Turks and Caicos travel advisory too late, says murdered NAACP leader's family

The outpouring of tributes continues for Kent Carter, the beloved Arlington NAACP vice president who was murdered Sunday in an ambush shooting in Turks and Caicos. 

Carter was on vacation returning from a jet ski trip when Turks and Caicos police said a group of gunmen opened fire on the hotel shuttle he was traveling in. 

The family of the local activist tells FOX 5 they want to know why the U.S. government didn't do more to warn people about the danger of traveling to the popular islands. 

Barry Cantrell is Carter's half-brother. On Sept. 28, they celebrated Carter's 40th birthday. Now, his family is preparing funerals in Arlington and back home in Tennessee. 

Carter, a realtor, veteran and former special agent, died on Oct. 2. But the State Department didn't issue a level 2 travel advisory for Turks and Caicos until Wednesday. 

Kent Carter

The State Department's level 2 advisory is the second-highest alert. While a level 3 advisory asks Americans to reconsider travel, the State Department says this move was made to "exercise increase caution in the Turks and Caicos Islands due to crime." 

"Widespread or organized violent crime is present in the country and local law enforcement have limited ability to respond to serious crimes," the warning reads. 

READ MORE: Arlington County NAACP leader killed in Turks and Caicos ambush shooting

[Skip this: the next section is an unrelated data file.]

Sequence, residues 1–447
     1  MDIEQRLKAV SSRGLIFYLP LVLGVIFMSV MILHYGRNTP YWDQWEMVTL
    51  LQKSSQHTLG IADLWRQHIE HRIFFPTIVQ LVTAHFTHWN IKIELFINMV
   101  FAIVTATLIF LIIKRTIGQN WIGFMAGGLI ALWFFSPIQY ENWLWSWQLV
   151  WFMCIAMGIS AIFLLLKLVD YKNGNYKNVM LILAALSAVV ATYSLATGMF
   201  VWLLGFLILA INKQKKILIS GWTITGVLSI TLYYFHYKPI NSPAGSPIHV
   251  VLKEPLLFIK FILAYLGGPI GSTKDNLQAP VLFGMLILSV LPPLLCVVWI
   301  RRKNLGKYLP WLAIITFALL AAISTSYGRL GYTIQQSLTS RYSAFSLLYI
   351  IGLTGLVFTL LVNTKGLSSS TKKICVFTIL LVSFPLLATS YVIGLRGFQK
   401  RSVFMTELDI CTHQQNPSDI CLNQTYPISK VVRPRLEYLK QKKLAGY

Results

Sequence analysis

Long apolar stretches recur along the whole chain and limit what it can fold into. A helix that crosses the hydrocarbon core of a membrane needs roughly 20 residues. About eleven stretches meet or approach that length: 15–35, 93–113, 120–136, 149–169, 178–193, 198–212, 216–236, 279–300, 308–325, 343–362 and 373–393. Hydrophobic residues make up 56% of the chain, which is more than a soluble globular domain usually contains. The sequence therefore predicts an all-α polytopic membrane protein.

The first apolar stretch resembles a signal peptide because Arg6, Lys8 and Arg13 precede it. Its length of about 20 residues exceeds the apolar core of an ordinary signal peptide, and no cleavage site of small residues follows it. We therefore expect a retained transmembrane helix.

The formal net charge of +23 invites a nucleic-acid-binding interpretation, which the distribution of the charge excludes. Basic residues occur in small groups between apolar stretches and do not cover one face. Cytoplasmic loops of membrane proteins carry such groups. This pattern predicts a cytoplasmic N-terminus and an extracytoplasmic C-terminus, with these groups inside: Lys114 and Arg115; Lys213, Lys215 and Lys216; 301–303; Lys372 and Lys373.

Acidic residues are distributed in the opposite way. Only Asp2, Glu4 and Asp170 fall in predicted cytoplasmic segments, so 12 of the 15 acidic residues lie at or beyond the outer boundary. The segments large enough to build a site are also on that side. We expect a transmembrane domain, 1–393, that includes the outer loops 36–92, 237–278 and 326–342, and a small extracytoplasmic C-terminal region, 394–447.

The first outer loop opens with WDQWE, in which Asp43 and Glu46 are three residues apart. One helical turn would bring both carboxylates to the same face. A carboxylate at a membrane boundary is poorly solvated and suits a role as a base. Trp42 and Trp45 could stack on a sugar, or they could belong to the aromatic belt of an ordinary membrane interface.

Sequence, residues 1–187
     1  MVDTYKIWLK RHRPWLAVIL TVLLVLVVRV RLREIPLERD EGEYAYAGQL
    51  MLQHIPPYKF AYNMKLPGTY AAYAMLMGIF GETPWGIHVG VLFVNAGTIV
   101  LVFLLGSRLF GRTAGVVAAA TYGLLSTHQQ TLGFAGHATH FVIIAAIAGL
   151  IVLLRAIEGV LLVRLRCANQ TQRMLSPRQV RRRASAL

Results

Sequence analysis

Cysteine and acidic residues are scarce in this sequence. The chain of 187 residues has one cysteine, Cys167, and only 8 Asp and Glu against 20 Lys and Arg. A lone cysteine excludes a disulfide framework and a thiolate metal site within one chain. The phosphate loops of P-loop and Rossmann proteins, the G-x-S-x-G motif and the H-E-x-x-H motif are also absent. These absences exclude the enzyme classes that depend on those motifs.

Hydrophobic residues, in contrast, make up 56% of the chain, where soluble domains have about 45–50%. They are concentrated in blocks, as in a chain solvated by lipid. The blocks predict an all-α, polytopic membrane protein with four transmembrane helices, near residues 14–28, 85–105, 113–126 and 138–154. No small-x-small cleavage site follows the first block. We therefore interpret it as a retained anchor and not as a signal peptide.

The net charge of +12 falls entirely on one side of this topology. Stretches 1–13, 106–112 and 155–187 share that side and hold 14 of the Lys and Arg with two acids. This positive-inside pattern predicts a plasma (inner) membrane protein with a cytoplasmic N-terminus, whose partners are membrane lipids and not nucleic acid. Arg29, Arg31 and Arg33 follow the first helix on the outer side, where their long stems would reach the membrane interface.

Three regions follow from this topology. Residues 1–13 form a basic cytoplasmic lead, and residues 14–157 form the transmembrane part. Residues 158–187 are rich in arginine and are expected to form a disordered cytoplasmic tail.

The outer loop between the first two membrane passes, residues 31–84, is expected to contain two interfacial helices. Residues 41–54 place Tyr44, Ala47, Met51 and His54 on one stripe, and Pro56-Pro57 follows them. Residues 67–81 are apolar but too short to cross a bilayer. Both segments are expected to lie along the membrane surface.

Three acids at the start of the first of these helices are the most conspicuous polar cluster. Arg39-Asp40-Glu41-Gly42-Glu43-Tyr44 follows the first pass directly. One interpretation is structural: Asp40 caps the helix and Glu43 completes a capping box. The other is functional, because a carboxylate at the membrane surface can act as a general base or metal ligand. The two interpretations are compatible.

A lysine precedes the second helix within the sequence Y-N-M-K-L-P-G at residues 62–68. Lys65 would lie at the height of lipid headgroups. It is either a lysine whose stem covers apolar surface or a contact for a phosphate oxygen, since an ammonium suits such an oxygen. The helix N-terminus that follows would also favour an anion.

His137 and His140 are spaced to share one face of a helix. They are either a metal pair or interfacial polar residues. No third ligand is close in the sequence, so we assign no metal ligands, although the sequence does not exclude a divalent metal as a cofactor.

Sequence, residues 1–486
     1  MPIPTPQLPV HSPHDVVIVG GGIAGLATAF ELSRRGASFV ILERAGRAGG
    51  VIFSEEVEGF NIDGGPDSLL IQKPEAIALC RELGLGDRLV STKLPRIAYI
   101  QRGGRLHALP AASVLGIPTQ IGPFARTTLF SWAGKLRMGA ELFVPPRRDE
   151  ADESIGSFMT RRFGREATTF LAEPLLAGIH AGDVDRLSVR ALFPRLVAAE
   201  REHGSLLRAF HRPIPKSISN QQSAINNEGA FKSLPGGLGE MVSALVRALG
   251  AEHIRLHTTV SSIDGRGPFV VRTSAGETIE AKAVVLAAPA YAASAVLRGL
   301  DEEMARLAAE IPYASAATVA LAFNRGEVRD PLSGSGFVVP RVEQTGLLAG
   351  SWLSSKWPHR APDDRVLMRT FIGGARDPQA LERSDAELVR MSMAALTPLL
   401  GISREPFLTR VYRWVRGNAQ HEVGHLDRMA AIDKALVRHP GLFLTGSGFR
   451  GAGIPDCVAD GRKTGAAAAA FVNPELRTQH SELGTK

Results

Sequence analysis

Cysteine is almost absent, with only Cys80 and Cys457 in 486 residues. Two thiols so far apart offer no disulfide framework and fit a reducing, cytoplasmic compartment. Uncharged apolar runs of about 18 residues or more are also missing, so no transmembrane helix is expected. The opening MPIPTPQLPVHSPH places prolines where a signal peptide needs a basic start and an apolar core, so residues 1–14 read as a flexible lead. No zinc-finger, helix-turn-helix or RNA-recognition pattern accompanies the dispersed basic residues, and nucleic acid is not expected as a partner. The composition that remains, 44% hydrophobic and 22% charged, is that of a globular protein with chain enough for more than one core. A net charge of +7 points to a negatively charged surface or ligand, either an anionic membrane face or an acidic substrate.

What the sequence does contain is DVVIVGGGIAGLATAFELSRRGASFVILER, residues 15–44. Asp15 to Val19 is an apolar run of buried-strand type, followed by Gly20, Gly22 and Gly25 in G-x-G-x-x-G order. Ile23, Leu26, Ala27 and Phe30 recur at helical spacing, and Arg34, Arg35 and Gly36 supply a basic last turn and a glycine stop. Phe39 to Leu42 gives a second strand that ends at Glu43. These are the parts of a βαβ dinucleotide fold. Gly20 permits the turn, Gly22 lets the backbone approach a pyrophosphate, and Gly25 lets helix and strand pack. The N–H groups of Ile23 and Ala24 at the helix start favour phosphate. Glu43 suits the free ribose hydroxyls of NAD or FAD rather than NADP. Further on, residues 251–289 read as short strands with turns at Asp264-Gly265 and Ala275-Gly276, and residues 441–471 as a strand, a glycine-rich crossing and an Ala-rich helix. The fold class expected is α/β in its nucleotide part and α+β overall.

Cantrell believes that an earlier advisory might have saved his brother's life. 

 "I’m just shocked about security, I mean when you go on vacation that’s the one thing on my mind," Cantrell said. "What? Where? That is the biggest thing. How’d it happen? [There's] still a lot of questions." 

Carter's girlfriend Alana was by his side when the armed gang members – who are a growing danger on the resort island – attacked and shot up their vehicle. 

Cantrell spoke with Alana and says she is recovering. 

Carter's family says they are taking comfort in the enormous amount of support they've received. 

"He had a passion about anything he did, and once he moved to this area, I guess he saw the need for a voice," Cantrell said. "Until I came up here and seen his friends up here, I didn’t realize how much more he was doing for the NAACP and the other organizations. He was a busy man with real estate, but he was still giving time to help others." 

Cantrell tells FOX 5 that the family does not know when Carter's body will be returned to the U.S. 

His colleagues at Keller Williams Metro Center launched this GoFundMe page to help his family with immediate expenses and support his 14-year-old daughter. More than $25,000 has been raised.